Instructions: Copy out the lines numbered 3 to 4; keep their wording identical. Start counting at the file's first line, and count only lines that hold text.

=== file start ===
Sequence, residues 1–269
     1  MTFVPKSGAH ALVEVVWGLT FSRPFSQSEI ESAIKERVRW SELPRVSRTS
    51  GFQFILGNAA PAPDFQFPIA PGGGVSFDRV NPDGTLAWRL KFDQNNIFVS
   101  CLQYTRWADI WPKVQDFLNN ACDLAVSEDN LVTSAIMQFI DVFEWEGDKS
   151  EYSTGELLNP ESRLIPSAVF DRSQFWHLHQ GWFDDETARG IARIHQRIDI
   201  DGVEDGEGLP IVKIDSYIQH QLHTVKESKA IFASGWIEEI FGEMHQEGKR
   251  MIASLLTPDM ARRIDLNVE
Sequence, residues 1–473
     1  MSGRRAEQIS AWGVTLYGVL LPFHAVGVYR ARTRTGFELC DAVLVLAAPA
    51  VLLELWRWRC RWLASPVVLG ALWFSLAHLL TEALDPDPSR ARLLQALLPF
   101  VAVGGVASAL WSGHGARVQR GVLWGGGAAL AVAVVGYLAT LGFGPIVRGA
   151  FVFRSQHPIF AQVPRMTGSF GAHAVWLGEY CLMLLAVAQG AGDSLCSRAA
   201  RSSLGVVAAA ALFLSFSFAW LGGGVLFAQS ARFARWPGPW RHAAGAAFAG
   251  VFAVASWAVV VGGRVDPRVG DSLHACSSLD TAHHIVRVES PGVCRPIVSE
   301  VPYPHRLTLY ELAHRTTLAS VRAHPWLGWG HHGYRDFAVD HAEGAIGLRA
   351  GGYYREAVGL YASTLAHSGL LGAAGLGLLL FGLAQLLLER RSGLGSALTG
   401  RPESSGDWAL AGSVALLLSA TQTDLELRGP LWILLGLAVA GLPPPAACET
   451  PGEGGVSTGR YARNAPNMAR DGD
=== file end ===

    51  GFQFILGNAA PAPDFQFPIA PGGGVSFDRV NPDGTLAWRL KFDQNNIFVS
   101  CLQYTRWADI WPKVQDFLNN ACDLAVSEDN LVTSAIMQFI DVFEWEGDKS